A Chinese emperor wanted to reward a loyal subject for services to the state, and so he told the man that he could ask for anything he desired. The man, not wanting to appear greedy, asked for some rice: he wanted a single grain of rice to be placed on the first square of a chess board, twice this amount to be placed on the second, twice this amount on the third, and so on until the sixty fourth square. The emperor, thinking this was an innocent request, agreed. But when the rice was placed on the board, it quickly became apparent that the man had asked for the impossible. The number of grains of rice required is more than 9 x 1018 (that’s 9 followed by 18 zeros), more than all the rice in China.
When people say things like, ‘change is difficult,’ they are getting it a bit wrong and misunderstanding a very basic point. Change happens all the time – it is the only constant feature of all our lives and, although we can rarely predict what the change will be, we can be absolutely certain that change will happen. What people usually mean by ‘change is difficult’ is that ‘causing the change I want is difficult.’ Putting on weight seems easy, yet the change I want – losing weight – seems unattainable for so many people.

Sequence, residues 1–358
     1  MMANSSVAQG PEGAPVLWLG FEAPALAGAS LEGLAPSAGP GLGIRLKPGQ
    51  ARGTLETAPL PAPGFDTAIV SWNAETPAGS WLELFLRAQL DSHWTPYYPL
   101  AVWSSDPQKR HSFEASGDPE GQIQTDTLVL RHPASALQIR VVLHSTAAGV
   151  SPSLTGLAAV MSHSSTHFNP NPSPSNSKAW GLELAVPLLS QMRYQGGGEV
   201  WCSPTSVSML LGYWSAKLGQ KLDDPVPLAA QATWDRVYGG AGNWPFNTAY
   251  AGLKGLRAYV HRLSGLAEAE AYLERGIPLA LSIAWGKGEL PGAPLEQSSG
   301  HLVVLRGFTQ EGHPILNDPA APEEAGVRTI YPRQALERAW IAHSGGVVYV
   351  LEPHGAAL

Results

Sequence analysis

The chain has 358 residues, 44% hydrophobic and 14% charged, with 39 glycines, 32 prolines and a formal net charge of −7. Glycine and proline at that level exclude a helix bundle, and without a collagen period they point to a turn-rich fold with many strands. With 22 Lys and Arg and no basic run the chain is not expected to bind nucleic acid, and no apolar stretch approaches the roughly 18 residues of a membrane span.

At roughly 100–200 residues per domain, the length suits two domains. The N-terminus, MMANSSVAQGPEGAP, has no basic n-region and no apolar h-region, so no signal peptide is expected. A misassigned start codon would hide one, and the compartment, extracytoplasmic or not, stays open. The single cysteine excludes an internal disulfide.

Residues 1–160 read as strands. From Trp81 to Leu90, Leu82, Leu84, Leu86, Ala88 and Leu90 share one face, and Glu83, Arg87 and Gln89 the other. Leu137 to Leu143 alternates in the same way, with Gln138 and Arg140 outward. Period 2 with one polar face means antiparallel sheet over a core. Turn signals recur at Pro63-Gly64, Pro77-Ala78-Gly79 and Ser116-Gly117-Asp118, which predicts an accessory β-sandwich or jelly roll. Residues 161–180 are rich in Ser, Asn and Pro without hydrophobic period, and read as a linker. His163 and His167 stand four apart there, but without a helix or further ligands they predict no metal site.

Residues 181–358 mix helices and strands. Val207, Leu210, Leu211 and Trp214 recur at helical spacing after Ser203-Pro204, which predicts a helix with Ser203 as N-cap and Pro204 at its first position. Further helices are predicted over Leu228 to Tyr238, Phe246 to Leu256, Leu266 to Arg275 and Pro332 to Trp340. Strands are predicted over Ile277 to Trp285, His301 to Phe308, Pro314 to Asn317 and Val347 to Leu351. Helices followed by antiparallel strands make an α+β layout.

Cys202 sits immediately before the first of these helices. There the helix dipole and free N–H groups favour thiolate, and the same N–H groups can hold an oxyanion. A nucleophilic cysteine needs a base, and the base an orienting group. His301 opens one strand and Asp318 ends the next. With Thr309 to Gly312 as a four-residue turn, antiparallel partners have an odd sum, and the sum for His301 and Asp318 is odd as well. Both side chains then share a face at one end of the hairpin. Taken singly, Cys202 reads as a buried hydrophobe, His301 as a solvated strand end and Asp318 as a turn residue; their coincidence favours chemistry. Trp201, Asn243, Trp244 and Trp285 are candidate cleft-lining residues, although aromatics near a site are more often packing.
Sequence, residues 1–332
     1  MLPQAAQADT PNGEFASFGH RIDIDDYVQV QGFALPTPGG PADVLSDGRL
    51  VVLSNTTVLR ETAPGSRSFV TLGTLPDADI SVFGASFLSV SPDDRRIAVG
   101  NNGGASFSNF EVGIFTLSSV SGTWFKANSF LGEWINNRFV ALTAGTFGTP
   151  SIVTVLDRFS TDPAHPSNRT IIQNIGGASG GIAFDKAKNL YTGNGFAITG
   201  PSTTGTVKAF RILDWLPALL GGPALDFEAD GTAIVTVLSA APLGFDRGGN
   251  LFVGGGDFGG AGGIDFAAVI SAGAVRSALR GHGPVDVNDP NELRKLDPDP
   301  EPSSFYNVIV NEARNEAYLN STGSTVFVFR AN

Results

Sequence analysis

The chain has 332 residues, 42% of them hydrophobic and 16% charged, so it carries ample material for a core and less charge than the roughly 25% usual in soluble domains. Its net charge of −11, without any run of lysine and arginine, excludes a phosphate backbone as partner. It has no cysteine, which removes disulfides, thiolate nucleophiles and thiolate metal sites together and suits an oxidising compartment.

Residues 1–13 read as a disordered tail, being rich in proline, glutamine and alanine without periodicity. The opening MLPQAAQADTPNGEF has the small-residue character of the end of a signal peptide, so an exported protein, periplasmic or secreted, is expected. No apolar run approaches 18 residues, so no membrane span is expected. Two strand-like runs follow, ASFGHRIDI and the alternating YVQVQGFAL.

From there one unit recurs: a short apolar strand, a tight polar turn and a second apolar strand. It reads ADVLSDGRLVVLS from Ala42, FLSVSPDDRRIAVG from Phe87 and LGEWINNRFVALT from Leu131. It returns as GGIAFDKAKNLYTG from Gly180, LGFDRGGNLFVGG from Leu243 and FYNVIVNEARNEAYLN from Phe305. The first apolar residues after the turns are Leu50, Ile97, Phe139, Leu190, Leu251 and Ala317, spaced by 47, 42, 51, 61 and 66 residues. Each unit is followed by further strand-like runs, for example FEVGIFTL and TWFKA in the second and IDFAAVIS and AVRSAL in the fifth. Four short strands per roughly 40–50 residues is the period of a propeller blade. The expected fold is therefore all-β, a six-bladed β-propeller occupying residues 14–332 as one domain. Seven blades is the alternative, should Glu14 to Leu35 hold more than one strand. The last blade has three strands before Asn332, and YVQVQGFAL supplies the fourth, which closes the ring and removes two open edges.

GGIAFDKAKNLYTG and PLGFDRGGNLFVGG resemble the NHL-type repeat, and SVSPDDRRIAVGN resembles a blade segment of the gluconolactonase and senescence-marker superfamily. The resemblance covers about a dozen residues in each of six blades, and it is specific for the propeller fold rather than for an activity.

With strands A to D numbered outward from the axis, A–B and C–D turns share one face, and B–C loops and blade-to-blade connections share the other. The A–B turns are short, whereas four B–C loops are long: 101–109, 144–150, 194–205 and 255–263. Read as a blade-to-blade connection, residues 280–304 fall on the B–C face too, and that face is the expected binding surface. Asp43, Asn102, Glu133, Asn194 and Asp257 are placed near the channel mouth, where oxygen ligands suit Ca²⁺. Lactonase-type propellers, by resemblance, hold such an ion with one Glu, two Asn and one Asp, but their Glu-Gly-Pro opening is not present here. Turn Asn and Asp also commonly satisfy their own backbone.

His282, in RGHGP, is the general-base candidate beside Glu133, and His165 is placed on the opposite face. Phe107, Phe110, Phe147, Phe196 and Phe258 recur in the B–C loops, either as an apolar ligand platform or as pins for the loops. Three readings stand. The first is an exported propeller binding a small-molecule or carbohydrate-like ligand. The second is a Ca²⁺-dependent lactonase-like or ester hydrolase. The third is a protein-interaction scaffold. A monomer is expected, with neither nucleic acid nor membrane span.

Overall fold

But the truth is that change is easy. Always. Even losing weight is easy. Getting out of debt is easy. Becoming financially secure is easy. But we do need to understand the nature of change. There is an open secret which we seem to ignore. It has been known, presumably, since the dawn f human civilization. And it is simply this – doing the right thing consistently for a long time will bring results.
Consistently doing the same thing can lead to astonishing results. If you consistently behave in a certain way, change is inevitable, and the results can, over time, be spectacular. Change, when this approach is applied, is rarely instant but it is bound to happen. A dripping tap, in time, fills a bucket. A stream washing over a rock will turn the rock into a smooth stone and, eventually, into a little pebble.
People who are overweight might find it hard to become slim, but they became overweight by consistently behaving in a certain way. Just eating a little too much an exercising a little too little will, in time, cause someone to put on weight. And so, in a sense, losing weight is easy – just exercising a little more and eating a little less will, in time, lead to weight loss. I know because I have been overweight and I am now quite slim – I did it by consistent action over an extended period of time. Every day, I exercise – not much, just ten to fifteen minutes of fairly vigorous calisthenics (body weight exercises); I rarely east starchy foods or sugar. I’ve been doing this for years, and the results speak for themselves.
The key to success is not elusive and difficult, after all. It is easy – just lots of small actions, carried out repeatedly. Buddha said that ‘evil men become evil slowly, one action at a time, and good men become good slowly, one action at a time.’